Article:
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Neoclassical Model of Consumer Demand with Identically Priced Commodities; And An Application to Time of Use Electricity Pricing

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Author Info

  • Caves, Douglas W.
  • Christensen, L. R.
  • Herriges, Joseph A.

Abstract

Hick's (1936) theorem allows aggregation of commodities when their relative prices are fixed, but contrary to a widely expressed view, it does not require that they be aggregated. Even in cases in which commodities have identical prices, all of their income elasticities and many of their price elasticities can be identified through econometric estimation. Using data from the Wisconsin Residential Electricity Pricing Experiment, it is demonstrated how a judiciously chosen level of aggregation can shed light on questions of interest without making the analysis unmanageable. Ninety-six electricity commodities can be distinguished by time of use. Partial Hicksian aggregation is performed. The generalized Leontief indirect utility function is used to estimate consumer preferences for 6 electricity commodities although there are only 2 unique prices. It is found that there are significant substitution possibilities between the Hicksian aggregates of peak and offpeak electricity consumption.

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Bibliographic Info

Paper provided by Iowa State University, Department of Economics in its series Staff General Research Papers with number 10793.

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Date of creation: 01 Jan 1987
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Publication status: Published in RAND Journal of Economics, Winter 1987, vol. 18 no. 4, pp. 564-580
Handle: RePEc:isu:genres:10793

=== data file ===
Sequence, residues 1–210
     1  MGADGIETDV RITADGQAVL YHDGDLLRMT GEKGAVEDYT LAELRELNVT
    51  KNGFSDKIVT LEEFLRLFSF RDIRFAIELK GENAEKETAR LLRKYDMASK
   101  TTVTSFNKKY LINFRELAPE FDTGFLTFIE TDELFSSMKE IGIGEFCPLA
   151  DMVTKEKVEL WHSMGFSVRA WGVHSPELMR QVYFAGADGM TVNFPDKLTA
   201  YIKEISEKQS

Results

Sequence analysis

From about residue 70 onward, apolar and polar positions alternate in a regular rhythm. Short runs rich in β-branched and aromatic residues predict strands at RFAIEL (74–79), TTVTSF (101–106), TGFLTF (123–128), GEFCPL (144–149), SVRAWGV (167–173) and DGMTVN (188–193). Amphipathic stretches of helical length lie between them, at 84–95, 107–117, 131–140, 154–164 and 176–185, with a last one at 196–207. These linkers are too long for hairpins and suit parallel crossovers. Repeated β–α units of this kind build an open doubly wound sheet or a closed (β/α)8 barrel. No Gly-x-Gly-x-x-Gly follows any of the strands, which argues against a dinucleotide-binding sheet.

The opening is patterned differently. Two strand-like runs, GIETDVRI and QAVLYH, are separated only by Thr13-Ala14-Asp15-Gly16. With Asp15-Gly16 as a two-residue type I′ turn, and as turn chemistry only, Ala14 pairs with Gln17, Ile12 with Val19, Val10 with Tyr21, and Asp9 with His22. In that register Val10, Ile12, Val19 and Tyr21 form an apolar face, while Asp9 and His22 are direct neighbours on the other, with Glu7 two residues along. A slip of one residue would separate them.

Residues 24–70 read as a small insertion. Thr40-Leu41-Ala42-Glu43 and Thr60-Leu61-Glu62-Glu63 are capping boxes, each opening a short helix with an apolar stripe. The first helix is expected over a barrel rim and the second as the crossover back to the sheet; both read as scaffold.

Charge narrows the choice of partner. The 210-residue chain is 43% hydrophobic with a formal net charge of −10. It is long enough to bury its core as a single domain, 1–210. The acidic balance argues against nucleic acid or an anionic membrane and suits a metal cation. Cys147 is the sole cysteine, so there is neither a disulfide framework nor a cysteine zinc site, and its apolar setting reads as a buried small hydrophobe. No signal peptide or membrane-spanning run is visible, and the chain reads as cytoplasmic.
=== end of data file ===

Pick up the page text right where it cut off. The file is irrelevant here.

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Postal: Iowa State University, Dept. of Economics, 260 Heady Hall, Ames, IA 50011-1070
Phone: +1 515.294.6741
Fax: +1 515.294.0221
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Web page: http://www.econ.iastate.edu
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Cited by:
  1. Henley, A & Peirson , J, . "Energy Pricing and Temperature Interaction: British Experimental Evidence," Discussion Papers 9616, Department of Economics, University of Wales, Aberystwyth.
  2. Henley, Andrew & Peirson, John, 1998. "Residential energy demand and the interaction of price and temperature: British experimental evidence," Energy Economics, Elsevier, vol. 20(2), pages 157-171, April.
  3. Mountain, Dean C. & Lawson, Evelyn L., 1995. "Some initial evidence of Canadian responsiveness to time-of-use electricity rates: Detailed daily and monthly analysis," Resource and Energy Economics, Elsevier, vol. 17(2), pages 189-212, August.
  4. Filippini, Massimo, 1995. "Electricity demand by time of use An application of the household AIDS model," Energy Economics, Elsevier, vol. 17(3), pages 197-204, July.

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